In a November 24, 2010 petition, Tesla sought renewal of its exemption. The basis for Tesla's application is substantial economic hardship to a manufacturer that has tried in good faith to comply with the standard. Tesla is a Delaware corporation headquartered in
California with sales offices throughout the United States and overseas. Tesla currently sells only one vehicle, the Roadster. Tesla has sold or leased 287 Roadsters in the 12 months prior to filing its petition for renewal. Tesla states that it continues to be eligible for a financial hardship exemption, and that it has suffered substantial losses and will continue to do so while selling the Roadster.
Tesla began production of the all-electric Roadster in 2008. The
Roadster has a single-speed electrically actuated automatic transmission and three phase, four pole AC induction motor. The
Roadster has a combined range of 245 miles on a single charge. Under an agreement with Group Lotus plc (Lotus), Tesla purchases the Roadster
``glider,'' which uses the chassis and several other systems of the
Lotus Elise. The gliders are manufactured under Tesla's supervision and direction at a Lotus factory in the United Kingdom and then shipped to
Menlo Park, California, where installation of the power train and other final steps are taken prior to sale of the vehicle in the United
States. Tesla asserts in its petition that Lotus will cease manufacturing Roadster gliders in December 2011, and that Tesla plans to finish production in early 2012 and offer remaining Roadsters for sale during 2012.
According to Tesla, the Roadster was conceived as a limited proof- of-concept for later generations of Tesla vehicles. Tesla intends to introduce its next electric vehicle, a four-door fully electric sedan known as the Model S. Tesla states that the Model S would meet or exceed all FMVSSs in effect by the time the vehicle is released for production in 2012.
Tesla contends that it is eligible for an economic hardship exemption. Tesla has produced fewer than 10,000 vehicles since the company's founding in 2003. Worldwide production of the Roadster for calendar year 2010 will be approximately 600 to 700 vehicles. Tesla also states that it will not produce more than 10,000 vehicles
(combined Roadster and Model S production) per year during the requested exemption period.
In the January 2008 notice granting Tesla's original exemption, the agency determined that Lotus, as well as Tesla, was considered a manufacturer of the Roadster. The basis for this determination was information in the prior petition that Lotus would be assembling the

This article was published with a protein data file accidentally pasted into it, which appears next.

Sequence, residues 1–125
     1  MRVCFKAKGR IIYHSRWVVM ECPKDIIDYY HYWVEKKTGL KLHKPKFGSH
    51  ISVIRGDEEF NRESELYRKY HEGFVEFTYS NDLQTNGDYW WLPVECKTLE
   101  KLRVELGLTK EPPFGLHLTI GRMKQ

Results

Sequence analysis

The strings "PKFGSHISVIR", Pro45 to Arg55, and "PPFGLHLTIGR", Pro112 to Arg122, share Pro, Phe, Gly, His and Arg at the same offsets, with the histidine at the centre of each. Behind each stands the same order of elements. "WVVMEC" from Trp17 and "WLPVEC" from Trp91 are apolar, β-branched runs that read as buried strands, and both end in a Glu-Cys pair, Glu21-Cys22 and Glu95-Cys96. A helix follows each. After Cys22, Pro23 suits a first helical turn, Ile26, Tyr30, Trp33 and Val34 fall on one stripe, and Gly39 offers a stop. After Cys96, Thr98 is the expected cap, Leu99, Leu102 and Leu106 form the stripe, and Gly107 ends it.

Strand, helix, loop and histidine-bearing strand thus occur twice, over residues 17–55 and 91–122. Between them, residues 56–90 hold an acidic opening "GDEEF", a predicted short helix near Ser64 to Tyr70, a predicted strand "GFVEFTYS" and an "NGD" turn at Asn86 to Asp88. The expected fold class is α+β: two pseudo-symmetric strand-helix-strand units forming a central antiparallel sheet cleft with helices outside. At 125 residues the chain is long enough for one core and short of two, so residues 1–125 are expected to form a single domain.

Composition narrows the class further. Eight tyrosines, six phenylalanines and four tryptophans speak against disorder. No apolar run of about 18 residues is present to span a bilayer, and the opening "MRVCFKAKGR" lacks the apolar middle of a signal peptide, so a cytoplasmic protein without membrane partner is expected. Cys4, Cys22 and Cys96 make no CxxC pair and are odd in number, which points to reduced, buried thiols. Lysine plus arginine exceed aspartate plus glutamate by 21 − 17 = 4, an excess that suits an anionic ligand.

Roadster. Nevertheless, the agency determined that Tesla was eligible for an economic hardship petition because the combined production of
Lotus and Tesla was fewer than 10,000 vehicles.
In its petition for renewal, Tesla contends that the relationship between Lotus and Tesla does not involve ownership, sponsorship, or any type of control of one entity over the other. Tesla also reiterates that, even if the production of Lotus and Tesla vehicles are combined, the total production is far below the threshold 10,000 vehicle per year limit for hardship exemptions.
Tesla cites multiple reasons why the failure to obtain the requested extension of its exemption would cause substantial economic hardship. First, Tesla has incurred cumulative net losses of $360 million since inception through September 30, 2010, and a net loss of
$100 million for the first nine months of 2010. Tesla also expects cumulative losses to almost double before launch of the Model S.
Second, Tesla has committed certain remaining costs for the Roadster that cannot be cancelled, such as a fixed supply contract with Lotus and other suppliers until the end of 2011. Third, Tesla contends that ending U.S. sales of the Roadster would require Tesla to refund $2.4 million in deposits on Roadster reservations, exacerbating its financial hardship. Additionally, because the Roadster is the only
Tesla model available in the United States, Tesla states that cancellation of the program would result in a significant loss of market share.
Tesla also contends that Lotus, and by extension Tesla, has exerted good faith efforts to achieve compliance with the advanced air bag requirements. Tesla notes that the Roadster shares a number of common components and systems with the Lotus Elise, including the passive safety systems. Tesla believes that, for the reasons outlined in
Lotus's petition for an renewal of its FMVSS No. 208 exemption for the
Elise, Lotus has exerted good faith efforts to comply with the advanced air bag requirements. Furthermore, Tesla states that it is in no better position than Lotus to develop an advanced air bag system for the
Elise-based Roadster. Like the Lotus Elise, the Tesla Roadster is coming to the end of its model life. Given the limited number of
Roadsters planned for production, Tesla believes that developing an advanced air bag system for the Roadster at this time is economically impracticable. Tesla also contends that it has been using the three years of its current exemption to develop the Model S, which will include advanced air bags.
Tesla also contends that the requested extension of its exemption is in the public interest for five reasons. First, Tesla states that granting the petition would encourage development and sale of highway- capable electric vehicles by Tesla and other manufacturers. Second,
Tesla contends that the public interest considerations supporting other similar extension petitions previously granted by NHTSA exist for Tesla as well. Third, Tesla states that the Roadster has a high degree of safety because of its design. Even without advanced air bags, Tesla believes that the requested exemption would have a negligible impact on vehicle safety because of the limited number of vehicles that would be sold in the United States under the extension. Fourth, Tesla contends that the Roadster does not pose an unreasonable risk to safety of infants or children because young children are unlikely to be passengers in the Roadster and neither Tesla nor Lotus has received any complaints, reports, or information of air bag-related injuries. Fifth,